FAA Appeals Judge’s Ruling on Commercial Drones

Agency says ban is necessary to protect the public.

Arguing that the safety of other aircraft and people on the ground is in jeopardy, the FAA said it will appeal a judge’s ruling that the agency lacks the legal authority to impose a total ban on commercial drone flights.

The FAA’s action arose from a case involving Raphael Pirker, who was fined $10,000 for flying his remote controlled aircraft to film promotional videos for the University of Virginia Medical Center. The FAA says Pirker’s flights ran afoul of FAA rules prohibiting the commercial use of drones. According to the agency, they are permissible only for personal use by hobbyists. The agency is currently working on new regulations that would allow other uses.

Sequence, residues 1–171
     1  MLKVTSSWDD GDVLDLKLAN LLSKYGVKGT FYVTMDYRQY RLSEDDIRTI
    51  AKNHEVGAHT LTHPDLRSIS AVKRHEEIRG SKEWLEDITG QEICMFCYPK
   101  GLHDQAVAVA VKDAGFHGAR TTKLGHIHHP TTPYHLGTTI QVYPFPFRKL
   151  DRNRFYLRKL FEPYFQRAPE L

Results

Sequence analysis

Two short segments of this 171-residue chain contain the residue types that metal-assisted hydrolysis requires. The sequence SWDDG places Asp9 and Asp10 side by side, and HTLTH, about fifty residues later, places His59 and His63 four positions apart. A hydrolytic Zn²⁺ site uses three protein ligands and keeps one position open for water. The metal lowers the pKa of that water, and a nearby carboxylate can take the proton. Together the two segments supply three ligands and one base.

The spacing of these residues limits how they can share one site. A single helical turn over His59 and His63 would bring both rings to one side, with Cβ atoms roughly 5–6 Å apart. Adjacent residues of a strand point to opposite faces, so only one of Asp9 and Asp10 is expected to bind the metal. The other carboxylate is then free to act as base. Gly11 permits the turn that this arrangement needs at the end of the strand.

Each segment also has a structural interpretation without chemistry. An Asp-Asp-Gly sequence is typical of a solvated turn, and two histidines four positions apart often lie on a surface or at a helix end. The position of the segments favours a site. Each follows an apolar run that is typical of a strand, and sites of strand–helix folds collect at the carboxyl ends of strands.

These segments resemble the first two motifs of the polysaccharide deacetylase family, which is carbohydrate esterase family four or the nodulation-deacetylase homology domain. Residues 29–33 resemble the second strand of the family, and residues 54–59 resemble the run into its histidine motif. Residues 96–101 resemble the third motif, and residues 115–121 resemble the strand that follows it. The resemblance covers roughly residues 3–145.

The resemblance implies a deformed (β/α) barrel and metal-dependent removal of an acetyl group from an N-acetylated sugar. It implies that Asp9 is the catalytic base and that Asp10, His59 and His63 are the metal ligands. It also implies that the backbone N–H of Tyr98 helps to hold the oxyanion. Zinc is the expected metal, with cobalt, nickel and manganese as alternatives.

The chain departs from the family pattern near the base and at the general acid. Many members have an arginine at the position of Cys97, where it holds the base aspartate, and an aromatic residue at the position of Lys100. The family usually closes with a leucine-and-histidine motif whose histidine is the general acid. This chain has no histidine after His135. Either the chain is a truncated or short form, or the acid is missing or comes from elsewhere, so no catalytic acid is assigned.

The FAA issued a statement on Friday announcing its decision to appeal the ruling by National Transportation Safety Board administrative law judge Patrick Geraghty.

“The agency is concerned that this decision could impact…the safety of people and property on the ground,” the FAA’s statement said.

Geraghty ruled that the FAA cannot impose or enforce a complete ban of drones over the continental U.S. The agency strongly disagrees, arguing that not only does the FAA have the authority, but such power is necessary to keep the skies safe for existing air traffic.

“There are no shades of gray in FAA regulations,” the agency said. “Anyone who wants to fly an aircraft — manned or unmanned — in U.S. airspace needs some level of FAA approval.”

The FAA said its appeal has the effect of staying the judge’s decision until the full NTSB board makes a ruling.

Recently, the FAA released seven common myths about commercial drones, which can be viewed here.

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